In his post from yesterday, Seth Godin talks about the concept of the “backlist” and how the idea no longer belongs to just authors and musicians.
A backlist is the collection of works from earlier in a career that fans discover (or rediscover) even as the artist continues to create new works.
It used to be that ordinary people didn’t have anything like a backlist. Before web publishing tools became cheap and easy to use, very little of we did was ever stored in a way that someone could easily find. Now I have ten years of a backlist* that may have value to someone, even if it’s only me.
The same applies to students. Not too long ago, the work most of them did – both in and out of school – largely disappeared after graduation. It was as if their creative life didn’t exist prior that point.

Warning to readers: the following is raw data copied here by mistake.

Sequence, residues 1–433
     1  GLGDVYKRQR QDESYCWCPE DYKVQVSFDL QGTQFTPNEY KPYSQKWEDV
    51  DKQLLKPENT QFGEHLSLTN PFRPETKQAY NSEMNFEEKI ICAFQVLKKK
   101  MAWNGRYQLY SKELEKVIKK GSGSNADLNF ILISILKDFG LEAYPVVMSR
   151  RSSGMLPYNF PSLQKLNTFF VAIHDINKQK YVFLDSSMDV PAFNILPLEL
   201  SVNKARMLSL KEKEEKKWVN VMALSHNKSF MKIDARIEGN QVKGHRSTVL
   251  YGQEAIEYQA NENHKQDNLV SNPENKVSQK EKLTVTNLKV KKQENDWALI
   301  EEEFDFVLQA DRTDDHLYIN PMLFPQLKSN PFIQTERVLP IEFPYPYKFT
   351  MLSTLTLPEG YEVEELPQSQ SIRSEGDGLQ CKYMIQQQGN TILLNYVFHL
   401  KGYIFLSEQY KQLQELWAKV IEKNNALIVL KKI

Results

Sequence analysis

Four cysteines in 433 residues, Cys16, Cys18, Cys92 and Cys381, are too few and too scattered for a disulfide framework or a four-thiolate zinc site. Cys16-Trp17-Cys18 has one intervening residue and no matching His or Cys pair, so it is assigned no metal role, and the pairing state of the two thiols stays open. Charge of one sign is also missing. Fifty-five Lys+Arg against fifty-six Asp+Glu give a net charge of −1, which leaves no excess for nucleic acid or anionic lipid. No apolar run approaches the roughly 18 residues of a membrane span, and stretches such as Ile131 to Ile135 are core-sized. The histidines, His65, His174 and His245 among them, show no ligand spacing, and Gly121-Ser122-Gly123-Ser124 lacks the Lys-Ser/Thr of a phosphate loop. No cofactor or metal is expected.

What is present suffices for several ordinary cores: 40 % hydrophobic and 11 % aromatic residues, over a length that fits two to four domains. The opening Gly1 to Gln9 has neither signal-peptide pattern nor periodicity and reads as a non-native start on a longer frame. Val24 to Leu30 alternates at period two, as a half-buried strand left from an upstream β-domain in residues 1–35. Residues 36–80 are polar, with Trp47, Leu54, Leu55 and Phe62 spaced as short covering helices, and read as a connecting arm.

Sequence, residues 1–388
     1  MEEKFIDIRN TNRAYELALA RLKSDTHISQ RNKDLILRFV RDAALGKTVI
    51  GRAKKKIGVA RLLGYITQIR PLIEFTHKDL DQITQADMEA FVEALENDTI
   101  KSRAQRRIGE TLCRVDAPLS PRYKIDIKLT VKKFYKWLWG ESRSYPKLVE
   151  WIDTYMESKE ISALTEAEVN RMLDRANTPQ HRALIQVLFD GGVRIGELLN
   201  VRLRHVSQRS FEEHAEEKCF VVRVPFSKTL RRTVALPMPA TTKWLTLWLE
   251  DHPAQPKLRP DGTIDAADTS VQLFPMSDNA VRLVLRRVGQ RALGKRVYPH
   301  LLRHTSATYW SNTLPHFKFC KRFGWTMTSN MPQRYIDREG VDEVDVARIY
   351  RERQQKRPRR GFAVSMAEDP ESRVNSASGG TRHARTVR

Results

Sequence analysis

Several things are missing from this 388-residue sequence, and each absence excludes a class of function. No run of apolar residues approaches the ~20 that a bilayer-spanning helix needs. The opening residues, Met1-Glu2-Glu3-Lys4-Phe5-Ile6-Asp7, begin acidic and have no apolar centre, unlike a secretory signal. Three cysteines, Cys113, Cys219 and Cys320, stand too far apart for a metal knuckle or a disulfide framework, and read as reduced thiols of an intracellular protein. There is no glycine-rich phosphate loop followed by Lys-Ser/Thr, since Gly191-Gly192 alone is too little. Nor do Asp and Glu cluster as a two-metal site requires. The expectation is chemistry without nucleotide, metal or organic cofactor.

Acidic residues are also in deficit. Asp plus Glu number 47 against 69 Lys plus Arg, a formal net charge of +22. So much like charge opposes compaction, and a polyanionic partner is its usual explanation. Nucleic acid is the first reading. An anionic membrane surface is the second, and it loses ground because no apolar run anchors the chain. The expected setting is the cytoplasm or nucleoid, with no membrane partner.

Now most are building their backlist at a furious pace, whether they realize it or not.
Godin ends his post by stating “Your history of work is as important as the work you’ll do tomorrow.”.┬á
So, what are we as their teachers doing to help kids make that history something they’ll be proud to have their fans discover in the future?
*More if you want to go rummaging through the Internet Archive.